Spent the morning working in our hectare of natural bush and collected the mail on my way inside for lunch. The spring edition of the Diggers Garden Club newsletter and catalogue was there so I settled down to read.
Whoa! A double-page spread of letters referring back to an anti-eucalypt article in the previous (winter edition) newsletter. Letters in favour and letters against.
I can’t remember reading the offending article and couldn’t find the previous newsletter, but a seemingly-informed correspondent wrote in to counter some of the mis-information given about eucalypts and the pre-European extent of rainforest in South-eastern Australia. Apparently it had been claimed that eucalyptus forests and woodlands destroy competion from other species because of their adaptation to fire. Also that they destroy soil carbon, destroy soil fertility and reduce rainfall.
The writer was angry with the claims made and this was evident in the tone of the letter, but I didn’t think it was ‘rude’ or ‘arrogant’ as the (obviously annoyed) proprietor of Diggers (Clive Blazey), claimed in his reply.
Blazey claimed that gardeners “have a much more comprehensive understanding of ecology than any other community group.” Well, I’d agree that the general community is woefully ignorant of ecological matters, but as someone who’s been propagating and selling native plants to people for 20 years or so, I can vouch for the fact that the average gardener is pretty ignorant, too. Comments like, “I don’t want anything with white flowers, because they attract mosquitoes”, spring to mind.
But it was this comment from Blazey that really raised my hackles: “We all know that eucalypts are anti-social plants that produce chemicals that keep neighbouring plants away.”
We all know….? Huh? Do we? Now I’d like Mr Blazey to come and take a stroll through our bush block. There are dozens of eucalypts, some large, handsome specimens and plenty of smaller ones. Apart from the walking tracks I’ve made through the bush to enable easier management and appreciation, there is not one piece of bare ground in the place. The understorey layer is covered in a mixture of small shrubs, grasses, herbaceous plants, terrestrial orchids and other wildflowers. At last count there were over 130 species; I’m told that’s pretty good diversity for such a small area. As far as keeping neighbouring plants away, well, I’d have to say that I don’t see any evidence of that here. Even the walking tracks I’ve put in have to be continually kept open, because as soon as I turn my back something will self-seed and grow there. Apparently nobody told all these other plants that eucalypts don’t like them.
As for ‘anti-social’!! Not a very scientific comment and one which doesn’t have a whole lot of knowledge of evolutionary biology attached to it. Nothing in nature is anti-social (although I’d have to make allowances for Homo sapiens, I suppose). Eucalypts have evolved to be good at what they do, which is to survive and spread eucalyptus genes around. The huge diversity of plants that occupy the understorey attracts birds and other creatures which prey on insects which attack eucalypts; it’s not a successful strategy to eliminate the organisms that help you. Life is about co-operation, not competition.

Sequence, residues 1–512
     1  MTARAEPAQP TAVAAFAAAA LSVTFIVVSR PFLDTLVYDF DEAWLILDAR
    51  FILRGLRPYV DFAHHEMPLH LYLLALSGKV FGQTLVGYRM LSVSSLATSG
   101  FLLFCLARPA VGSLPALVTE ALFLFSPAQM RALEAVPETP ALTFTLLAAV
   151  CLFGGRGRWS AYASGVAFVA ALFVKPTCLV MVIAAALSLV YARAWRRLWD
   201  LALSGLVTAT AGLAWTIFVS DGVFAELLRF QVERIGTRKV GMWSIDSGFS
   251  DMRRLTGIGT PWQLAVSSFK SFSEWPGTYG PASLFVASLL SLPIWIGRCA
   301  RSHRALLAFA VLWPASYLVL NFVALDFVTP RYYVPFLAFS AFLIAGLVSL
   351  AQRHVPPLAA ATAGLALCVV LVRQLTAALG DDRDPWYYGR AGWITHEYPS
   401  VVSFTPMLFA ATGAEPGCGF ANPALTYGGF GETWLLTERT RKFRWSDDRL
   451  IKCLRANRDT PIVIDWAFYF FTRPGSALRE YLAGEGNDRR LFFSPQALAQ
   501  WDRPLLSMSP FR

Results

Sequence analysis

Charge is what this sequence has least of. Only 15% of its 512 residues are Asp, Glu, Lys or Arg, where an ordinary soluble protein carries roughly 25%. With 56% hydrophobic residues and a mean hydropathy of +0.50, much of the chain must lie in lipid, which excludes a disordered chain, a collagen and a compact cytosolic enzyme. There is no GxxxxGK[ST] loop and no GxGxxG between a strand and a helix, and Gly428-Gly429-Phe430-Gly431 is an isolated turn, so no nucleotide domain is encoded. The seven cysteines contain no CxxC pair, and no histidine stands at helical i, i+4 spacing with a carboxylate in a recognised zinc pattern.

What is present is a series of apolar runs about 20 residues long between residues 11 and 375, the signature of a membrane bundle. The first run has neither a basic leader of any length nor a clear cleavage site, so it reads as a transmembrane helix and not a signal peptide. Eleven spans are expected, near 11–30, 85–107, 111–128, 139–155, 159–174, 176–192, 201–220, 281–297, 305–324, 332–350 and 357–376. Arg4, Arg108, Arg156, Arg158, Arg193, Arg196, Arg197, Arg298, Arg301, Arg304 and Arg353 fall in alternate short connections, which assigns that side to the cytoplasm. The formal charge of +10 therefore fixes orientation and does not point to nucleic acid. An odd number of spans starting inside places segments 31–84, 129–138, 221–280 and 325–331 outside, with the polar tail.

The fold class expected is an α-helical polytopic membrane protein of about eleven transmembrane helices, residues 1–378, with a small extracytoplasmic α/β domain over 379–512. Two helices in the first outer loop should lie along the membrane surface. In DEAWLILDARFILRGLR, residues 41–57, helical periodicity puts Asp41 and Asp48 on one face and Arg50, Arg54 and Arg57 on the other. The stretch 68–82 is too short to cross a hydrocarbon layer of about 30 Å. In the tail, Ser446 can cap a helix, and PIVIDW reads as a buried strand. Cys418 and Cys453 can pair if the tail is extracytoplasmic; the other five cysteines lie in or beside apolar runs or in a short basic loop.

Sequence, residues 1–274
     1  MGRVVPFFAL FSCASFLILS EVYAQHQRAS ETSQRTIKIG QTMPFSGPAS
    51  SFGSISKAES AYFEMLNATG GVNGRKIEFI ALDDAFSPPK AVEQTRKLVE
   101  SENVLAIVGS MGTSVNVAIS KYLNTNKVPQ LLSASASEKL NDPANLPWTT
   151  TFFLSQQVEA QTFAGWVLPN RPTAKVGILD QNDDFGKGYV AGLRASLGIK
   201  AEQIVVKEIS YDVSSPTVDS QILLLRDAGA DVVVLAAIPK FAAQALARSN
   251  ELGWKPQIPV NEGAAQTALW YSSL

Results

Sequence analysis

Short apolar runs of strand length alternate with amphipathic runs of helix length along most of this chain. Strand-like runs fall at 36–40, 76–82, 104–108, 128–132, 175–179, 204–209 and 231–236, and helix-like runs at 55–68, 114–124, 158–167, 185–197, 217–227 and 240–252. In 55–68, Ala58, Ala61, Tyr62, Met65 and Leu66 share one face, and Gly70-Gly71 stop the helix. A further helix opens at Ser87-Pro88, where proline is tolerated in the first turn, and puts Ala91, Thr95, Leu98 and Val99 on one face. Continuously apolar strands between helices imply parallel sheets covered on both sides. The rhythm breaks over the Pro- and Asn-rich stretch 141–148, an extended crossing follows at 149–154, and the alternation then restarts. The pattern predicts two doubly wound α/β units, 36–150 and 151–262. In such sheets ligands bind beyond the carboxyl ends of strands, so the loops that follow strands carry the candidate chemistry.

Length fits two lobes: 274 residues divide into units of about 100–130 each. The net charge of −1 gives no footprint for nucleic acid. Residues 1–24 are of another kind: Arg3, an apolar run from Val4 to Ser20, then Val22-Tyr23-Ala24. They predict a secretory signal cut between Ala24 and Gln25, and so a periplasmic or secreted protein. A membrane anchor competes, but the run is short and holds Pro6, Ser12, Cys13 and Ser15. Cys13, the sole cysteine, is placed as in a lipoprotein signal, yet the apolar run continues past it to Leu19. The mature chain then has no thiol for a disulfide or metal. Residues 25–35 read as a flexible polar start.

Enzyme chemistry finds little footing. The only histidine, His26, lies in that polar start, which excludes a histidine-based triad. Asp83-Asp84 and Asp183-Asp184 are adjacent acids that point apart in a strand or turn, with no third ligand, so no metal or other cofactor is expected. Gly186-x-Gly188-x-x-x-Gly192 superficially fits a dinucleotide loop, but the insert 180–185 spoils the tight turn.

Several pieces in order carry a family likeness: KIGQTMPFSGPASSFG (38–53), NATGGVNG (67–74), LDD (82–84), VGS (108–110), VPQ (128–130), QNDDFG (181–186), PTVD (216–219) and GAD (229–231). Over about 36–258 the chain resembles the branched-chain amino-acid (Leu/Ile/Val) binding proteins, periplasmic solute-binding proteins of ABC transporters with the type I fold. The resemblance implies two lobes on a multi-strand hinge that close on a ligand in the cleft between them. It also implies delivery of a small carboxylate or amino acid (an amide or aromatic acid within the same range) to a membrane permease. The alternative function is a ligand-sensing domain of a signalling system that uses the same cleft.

As for selectively quoting Colin Tudge: “In much of the world they have become weeds, ousting the native flora….” Well, of course! Tudge is commenting on the weed potential of eucalypts planted in other countries. Of course they oust native flora there, just as many exotic plants here (deliberately introduced by ecologically-ignorant gardeners and some of them sold by Diggers) escape from gardens and oust the species that have evolved in this country.
“Eucalypts thrive and dominate so they are the biggest threat to the survival of gardens and our business”. Yes, Clive, you said it all. Your business is to sell, exotic (non-native) plants to non-ecological gardeners, in fact one of the letters in defence of the eucalypt commented on the lack of native plants in the Diggers range.
There will always be gardeners who hate eucalypts and there will be gardeners who love them. I accept that large species shouldn’t be planted in small gardens or near houses, but as Dr Beth Gott said in her defence of them, there are plenty of small-growing species suitable for small gardens. Blazey doesn’t even acknowledge this fact in his reply.
Although I consider myself an ecological gardener, I’ve accepted that Diggers sell plants for ordinary gardeners and not ecological gardeners. I like their colourful, attractive catalogues. I joined Diggers purely to avail myself of the food plant species they sell, because I want to be self-sufficient in food. I’ve been down to Heronswood and bought plants and seeds from them. I’ve accepted that the plants are expensive and that many of them haven’t grown well or survived for me, but after reading Clive Blazey’s not very well-argued, intensely anti-eucalypt letter, I think it might be time to review my Diggers membership.